The APSIM wheat model could be parameterized to predict flowering date with reasonable accuracy. The VS and PPS coefficients presented for the New Zealand varieties in Table 1 are included in APSIM 7.4 and can be used for predicting the performance of wheat crops in New Zealand. The method used proved suitable for quantifying developmental coefficients and the wide range of sowing dates over which observations were recorded enabled good estimates of these coefficients. Although the model could be fitted to work with adequate accuracy in NZ this exercise raised some issues that question how well the models mechanism represent the actual response of wheat development to environment. In particular the model only accounts for the effects of photoperiod during the development phase from Emergence to Terminal Spikelet. However, the results presented (Figure 2a) show there was substantial photoperiod response in Tt_FL-F. APSIM wheat does not predict the time from flag leaf to flowering explicitly, rather it is part of the phase from Terminal Spikelet to Flowering. However, flag leaf appearance occurs approximately 3 phyllochrons after terminal spikelet (Jamieson et al. 2007) so the duration from Terminal Spikelet to Flowering will be Tt_FL-F + 300 Cd and would show the same photoperiod response as Tt_FL-F (Figure 2b). Thus, it is not strictly correct to fit all of the crops flowering response to photoperiod into the phase preceding Terminal Spikelet when some of it is actually happening in the subsequent phase.

Figure 2a. Thermal time accumulated between the time of flag leaf appearance and Flowering in relation to photoperiod on the day of flag leaf appearance.

Figure 2b. Vernalisation (VS) and Photoperiod (PPS) sensitivity coefficients for Australian wheat varieties both currently used in APSIM and the alternative values determined by the fitting exercise detailed in this paper.

Furthermore, the VS and PPS coefficients determined for Australian wheat varieties were different to those values currently assigned to those varieties in APSIM (Table 2). When the current APSIM coefficients were used for these varieties there was poor agreement between observed and predicted values. The disagreement between the incumbent coefficient values and those quantified in this paper could be due to two reasons. 1. Incumbent coefficients were quantified with data from a narrow range of photoperiod and temperature conditions and did provide a robust quantification of coefficient values. 2. That the models mechanisms are not generically applicable so different coefficient values are obtained when they are quantified in different environments. We could not determine the cause of the difference between the two sets of coefficients but this highlights some important considerations in the use of a model to quantify phenology of a crop. To have confidence that model coefficients provide a suitable representation of a varieties developmental phenotype firstly we need to have a suitable process and a sufficiently broad set of observed data to determine model coefficients with a high level of confidence. Secondly, to have confidence in the generic applicability of these coefficients the underlying model must also be generically applicable. To achieve this, the model must be based on sound principals and be tested and verified with detailed developmental data from a wide range of situations. The results presented here suggest if APSIM wheat is to be used as a framework for studying the development of wheat and provide coefficients for linking to genotype data the models mechanisms should be reviewed.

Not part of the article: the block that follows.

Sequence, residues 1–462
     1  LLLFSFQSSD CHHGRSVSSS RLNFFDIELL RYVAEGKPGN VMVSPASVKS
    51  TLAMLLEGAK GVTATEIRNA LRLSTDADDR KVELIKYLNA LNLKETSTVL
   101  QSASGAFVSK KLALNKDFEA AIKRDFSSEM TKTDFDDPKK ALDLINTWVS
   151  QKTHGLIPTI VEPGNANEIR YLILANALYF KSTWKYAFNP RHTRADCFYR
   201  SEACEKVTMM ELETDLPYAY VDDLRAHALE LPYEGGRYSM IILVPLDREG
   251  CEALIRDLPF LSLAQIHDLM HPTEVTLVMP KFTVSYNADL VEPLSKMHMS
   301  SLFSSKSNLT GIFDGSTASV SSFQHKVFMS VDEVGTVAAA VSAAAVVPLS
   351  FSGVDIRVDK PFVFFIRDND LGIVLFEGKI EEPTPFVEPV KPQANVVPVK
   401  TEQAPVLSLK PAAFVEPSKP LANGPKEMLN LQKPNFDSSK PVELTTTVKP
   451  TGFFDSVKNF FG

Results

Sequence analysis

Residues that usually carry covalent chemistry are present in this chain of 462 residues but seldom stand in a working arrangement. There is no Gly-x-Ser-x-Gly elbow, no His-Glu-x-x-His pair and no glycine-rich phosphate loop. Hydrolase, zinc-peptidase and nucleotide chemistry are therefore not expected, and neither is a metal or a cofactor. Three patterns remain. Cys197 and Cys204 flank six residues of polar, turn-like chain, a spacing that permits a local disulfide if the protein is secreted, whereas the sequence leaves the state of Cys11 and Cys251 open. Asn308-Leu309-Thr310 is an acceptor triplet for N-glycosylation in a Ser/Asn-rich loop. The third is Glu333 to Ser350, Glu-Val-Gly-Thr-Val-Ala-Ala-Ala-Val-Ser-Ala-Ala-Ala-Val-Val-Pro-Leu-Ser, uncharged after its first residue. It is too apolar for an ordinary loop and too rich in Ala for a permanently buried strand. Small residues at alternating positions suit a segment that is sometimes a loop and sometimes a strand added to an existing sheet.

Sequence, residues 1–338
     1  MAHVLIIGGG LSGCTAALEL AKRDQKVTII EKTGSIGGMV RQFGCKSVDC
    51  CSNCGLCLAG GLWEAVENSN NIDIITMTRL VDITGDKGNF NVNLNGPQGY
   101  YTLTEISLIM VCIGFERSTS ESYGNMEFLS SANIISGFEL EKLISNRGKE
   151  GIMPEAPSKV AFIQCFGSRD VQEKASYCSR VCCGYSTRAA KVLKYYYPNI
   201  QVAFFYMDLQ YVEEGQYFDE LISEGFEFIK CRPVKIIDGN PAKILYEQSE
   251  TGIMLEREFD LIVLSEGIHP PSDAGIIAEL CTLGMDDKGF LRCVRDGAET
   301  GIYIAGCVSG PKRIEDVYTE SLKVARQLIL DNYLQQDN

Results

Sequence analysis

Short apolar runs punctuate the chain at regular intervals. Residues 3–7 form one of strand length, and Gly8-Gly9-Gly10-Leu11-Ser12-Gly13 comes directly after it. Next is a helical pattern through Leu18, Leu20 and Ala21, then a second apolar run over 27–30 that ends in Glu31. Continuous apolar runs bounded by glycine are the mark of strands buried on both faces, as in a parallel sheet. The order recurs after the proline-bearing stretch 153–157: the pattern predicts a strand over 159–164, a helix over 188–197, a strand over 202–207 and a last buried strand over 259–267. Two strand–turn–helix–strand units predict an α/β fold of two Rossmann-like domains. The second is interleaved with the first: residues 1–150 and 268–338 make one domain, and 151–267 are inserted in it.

Conclusion

The procedure used to quantify VS and PPS gave good agreement between observed and predicted flowering dates. However, further analysis showed PP response in phases following Terminal Spikelet and also showed VS and PPS values for Australian varieties that differed substantially from those currently used in APSIM suggesting there is a need to review this phenology model.

Reference

Jamieson P D, Brooking I R, Semenov M A, McMaster G S, White J W and Porter J R 2007 Reconciling alternative models of phenological development in winter wheat. Field Crops Research 103, 36-41.